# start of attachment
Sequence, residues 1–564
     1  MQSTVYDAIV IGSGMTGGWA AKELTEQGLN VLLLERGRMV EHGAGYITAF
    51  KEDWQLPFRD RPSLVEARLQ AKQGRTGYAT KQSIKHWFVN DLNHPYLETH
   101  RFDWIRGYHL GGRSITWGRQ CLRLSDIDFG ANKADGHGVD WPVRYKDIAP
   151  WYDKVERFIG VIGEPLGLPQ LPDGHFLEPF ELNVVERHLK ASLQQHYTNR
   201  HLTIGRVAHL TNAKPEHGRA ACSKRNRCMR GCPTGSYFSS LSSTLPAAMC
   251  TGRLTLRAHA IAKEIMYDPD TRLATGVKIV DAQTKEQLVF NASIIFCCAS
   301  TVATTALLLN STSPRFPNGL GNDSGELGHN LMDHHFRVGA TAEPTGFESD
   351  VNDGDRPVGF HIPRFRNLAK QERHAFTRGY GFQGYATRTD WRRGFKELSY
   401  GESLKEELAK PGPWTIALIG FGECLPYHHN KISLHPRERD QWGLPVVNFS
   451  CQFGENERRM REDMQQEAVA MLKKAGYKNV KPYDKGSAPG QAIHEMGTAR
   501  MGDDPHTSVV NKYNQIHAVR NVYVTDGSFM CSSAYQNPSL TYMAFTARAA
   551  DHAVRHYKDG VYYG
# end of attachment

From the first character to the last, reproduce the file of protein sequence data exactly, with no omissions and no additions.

Sequence, residues 1–564
     1  MQSTVYDAIV IGSGMTGGWA AKELTEQGLN VLLLERGRMV EHGAGYITAF
    51  KEDWQLPFRD RPSLVEARLQ AKQGRTGYAT KQSIKHWFVN DLNHPYLETH
   101  RFDWIRGYHL GGRSITWGRQ CLRLSDIDFG ANKADGHGVD WPVRYKDIAP
   151  WYDKVERFIG VIGEPLGLPQ LPDGHFLEPF ELNVVERHLK ASLQQHYTNR
   201  HLTIGRVAHL TNAKPEHGRA ACSKRNRCMR GCPTGSYFSS LSSTLPAAMC
   251  TGRLTLRAHA IAKEIMYDPD TRLATGVKIV DAQTKEQLVF NASIIFCCAS
   301  TVATTALLLN STSPRFPNGL GNDSGELGHN LMDHHFRVGA TAEPTGFESD
   351  VNDGDRPVGF HIPRFRNLAK QERHAFTRGY GFQGYATRTD WRRGFKELSY
   401  GESLKEELAK PGPWTIALIG FGECLPYHHN KISLHPRERD QWGLPVVNFS
   451  CQFGENERRM REDMQQEAVA MLKKAGYKNV KPYDKGSAPG QAIHEMGTAR
   501  MGDDPHTSVV NKYNQIHAVR NVYVTDGSFM CSSAYQNPSL TYMAFTARAA
   551  DHAVRHYKDG VYYG